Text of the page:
Adventure modules these days tend to get poked with the ugly end of the ugly stick.
That was me writing about adventure modules somewhere online this morning, and it's sad but true. Out there in the gaming community not only are adventure modules despised but it's seen as cool to despise them. As if real GM's not only refuse to eat quiche but they also go it alone when it comes to running their adventures, often making it up as they go along. I don't have a problem with this, but as someone who grew up loving adventure modules, often far more than the books which ran the games themselves, it does sadden me somewhat.
I think that people forget just how monumental these titles were. How just the mere mention of Tomb of Horrors or Hall of the Fire Giant King could leave a player quaking in ones Keds. The monsters were ancillary to the adventures themselves and if you survived an Expedition to the Barrier Peaks then bragging rights were yours. If you could find my old Star Frontiers Volturnus modules you would find the phrase "Solved and Conquered" written on the inside cover, presumably as a reminder to myself that they had been played and were not to be played again, but more likely just as a flat out brag to whoever happened to find them. Like Bill Murray in Ghostbusters - "We came. We saw. We kicked its ass!" - it was just a very 80's thing to do.
And I don't think I was alone in this. It may explain the fun-house-like nature of early gaming modules. White Plume Mountain and Ghost Tower of Inverness are two of the goofiest most non-sensical adventures ever written, but man were they fun to run on a snowy afternoon. It wasn't about character. It wasn't about story arcs. It wasn't about scrabbling together experience points and leveling up. It was about getting together with your friends and accomplishing mighty feats of valor. It was the same mentality which during the summertime would send us swarming towards theme parks, looking to ride the worst roller coasters we could find, seeing who could take the hyperbollic twists and turns and drops and still keep three corn dogs stuffed in ones gullet. Even when you did puke you still felt strangely better about yourself for doing so.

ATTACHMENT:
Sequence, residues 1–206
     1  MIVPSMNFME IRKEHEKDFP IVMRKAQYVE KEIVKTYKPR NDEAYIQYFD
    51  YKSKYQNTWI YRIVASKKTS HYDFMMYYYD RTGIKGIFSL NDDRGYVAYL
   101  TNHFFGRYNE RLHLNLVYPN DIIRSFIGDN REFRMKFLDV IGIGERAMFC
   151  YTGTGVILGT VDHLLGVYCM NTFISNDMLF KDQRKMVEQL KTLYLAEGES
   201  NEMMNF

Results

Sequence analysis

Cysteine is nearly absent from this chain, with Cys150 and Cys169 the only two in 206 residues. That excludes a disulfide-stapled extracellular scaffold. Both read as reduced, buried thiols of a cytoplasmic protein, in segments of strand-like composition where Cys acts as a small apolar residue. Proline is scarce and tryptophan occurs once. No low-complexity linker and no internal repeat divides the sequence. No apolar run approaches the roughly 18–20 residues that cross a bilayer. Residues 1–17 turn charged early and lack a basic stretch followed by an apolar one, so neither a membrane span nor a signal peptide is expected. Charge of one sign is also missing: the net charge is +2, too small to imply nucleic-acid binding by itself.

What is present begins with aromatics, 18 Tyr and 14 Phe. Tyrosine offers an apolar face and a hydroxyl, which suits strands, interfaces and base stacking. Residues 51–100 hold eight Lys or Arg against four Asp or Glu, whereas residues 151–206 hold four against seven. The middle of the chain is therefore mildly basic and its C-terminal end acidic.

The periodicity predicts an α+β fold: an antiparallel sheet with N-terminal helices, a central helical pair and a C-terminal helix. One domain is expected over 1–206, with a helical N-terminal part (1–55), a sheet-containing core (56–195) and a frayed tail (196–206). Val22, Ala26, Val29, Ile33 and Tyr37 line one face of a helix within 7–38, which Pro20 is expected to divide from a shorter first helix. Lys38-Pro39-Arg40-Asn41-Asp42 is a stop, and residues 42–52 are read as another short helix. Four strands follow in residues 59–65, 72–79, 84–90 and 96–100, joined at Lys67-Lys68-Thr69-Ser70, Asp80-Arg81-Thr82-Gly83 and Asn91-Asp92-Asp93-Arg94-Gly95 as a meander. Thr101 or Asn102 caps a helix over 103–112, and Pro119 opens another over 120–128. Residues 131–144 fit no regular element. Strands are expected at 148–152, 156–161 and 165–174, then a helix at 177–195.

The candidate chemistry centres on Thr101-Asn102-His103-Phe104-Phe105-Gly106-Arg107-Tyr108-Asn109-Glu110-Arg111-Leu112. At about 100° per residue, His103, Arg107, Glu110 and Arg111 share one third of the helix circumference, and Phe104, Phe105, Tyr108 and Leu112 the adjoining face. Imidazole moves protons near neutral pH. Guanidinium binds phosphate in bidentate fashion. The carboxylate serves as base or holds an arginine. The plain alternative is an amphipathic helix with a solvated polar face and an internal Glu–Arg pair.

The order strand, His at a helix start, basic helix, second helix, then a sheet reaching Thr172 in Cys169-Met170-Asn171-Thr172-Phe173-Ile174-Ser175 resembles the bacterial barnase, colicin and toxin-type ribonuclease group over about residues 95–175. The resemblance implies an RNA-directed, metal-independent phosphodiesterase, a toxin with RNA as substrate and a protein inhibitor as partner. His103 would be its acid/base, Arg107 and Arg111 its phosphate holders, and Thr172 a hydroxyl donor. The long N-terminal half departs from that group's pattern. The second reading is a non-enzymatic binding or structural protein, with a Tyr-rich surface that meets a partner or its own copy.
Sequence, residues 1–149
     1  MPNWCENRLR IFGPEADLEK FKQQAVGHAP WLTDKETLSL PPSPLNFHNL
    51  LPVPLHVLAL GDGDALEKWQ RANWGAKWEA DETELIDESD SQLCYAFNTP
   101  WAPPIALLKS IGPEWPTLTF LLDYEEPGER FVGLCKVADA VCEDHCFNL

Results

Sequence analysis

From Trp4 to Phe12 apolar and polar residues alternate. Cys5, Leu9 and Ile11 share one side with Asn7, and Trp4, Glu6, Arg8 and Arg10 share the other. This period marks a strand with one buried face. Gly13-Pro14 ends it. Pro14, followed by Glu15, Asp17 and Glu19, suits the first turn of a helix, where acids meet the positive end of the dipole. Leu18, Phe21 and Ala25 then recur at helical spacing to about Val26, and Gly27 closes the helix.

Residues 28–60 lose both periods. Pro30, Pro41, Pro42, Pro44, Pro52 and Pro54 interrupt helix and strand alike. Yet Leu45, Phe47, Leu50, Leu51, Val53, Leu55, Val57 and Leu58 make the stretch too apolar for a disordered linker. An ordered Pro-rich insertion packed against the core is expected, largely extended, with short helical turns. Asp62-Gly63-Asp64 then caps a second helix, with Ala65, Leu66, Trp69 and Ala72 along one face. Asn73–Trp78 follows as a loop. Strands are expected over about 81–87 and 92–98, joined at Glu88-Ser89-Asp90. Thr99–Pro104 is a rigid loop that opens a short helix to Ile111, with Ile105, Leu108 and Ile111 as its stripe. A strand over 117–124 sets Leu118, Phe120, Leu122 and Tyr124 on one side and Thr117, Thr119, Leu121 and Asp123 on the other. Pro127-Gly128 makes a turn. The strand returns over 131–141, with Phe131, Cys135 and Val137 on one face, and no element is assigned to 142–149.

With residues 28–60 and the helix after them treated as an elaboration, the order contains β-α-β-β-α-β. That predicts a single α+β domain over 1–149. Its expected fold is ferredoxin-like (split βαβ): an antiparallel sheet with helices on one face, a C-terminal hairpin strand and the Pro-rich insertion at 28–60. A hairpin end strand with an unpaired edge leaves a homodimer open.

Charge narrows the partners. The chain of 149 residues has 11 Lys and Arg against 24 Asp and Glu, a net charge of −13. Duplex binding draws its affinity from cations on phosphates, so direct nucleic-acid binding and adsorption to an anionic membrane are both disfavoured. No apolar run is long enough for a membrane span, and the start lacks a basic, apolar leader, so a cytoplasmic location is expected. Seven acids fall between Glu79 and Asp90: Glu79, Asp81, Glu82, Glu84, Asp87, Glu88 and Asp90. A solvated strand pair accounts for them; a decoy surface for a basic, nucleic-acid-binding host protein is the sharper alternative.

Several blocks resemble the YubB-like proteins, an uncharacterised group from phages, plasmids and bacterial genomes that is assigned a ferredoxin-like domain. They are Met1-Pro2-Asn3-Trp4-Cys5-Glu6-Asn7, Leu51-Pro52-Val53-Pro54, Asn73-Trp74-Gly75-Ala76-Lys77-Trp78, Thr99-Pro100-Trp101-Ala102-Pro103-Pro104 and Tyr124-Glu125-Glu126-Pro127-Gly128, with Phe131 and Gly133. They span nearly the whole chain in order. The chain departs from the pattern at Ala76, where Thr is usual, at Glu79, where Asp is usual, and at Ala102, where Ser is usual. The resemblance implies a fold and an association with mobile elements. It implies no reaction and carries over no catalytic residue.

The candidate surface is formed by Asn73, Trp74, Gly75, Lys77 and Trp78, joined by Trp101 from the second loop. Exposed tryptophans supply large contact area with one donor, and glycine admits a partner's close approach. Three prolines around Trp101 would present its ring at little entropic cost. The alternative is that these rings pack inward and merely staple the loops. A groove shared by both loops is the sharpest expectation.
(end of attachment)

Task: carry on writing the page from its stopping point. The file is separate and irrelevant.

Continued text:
Another aspect often overlooked with modules is the matter of antagonism. Don't get me wrong. There were fights. We're talking Junior High, Dungeons & Dragons, and the early 80's. You'd have to remove all three of these aspects to not have a fight break out. With a few notable exceptions aside we were pretty good about it. Not too many fights happened, and when they did they were usually about the rules and not the adventures themselves. Although the GM or DM was often there as an antagonistic force, when things went seriously sour the module was to blame. Don't hate the DM. Hate Gary Gygax. He's the one who wrote most of this stuff. And it worked! Some of the time.
Boxed text designed to be read aloud when the players enter a room is another boon from the past which is about as sexy these days as a pair of over-sized granny panties. People seem to think that if you have half a brain you should be able to pull something as good or better out of it. Granted, a lot of bad writing went into those text boxes, yet at the same time I think they gave us a certain liberty which you don't get with ad-libbing. Freedom from self-consciousness as well as words which are there but taking their sweet time getting around to ones mouth.
Now I'm so much older. I haven't played an adventure module since the 21st century began. And the adventures have gotten better, more intelligent, less gamey, and with fewer characters who are simply pack-mules for magic items named "Bob1" and "Bob2" and "Bob4" (there was no Bob3 because we were cool like that).
Still, like John Cougar Mellencamp I do long for those young boy days with a module like I1 Dwellers of the Forbidden City, or X4 Master of the Desert Nomads. Talk about hurting so good!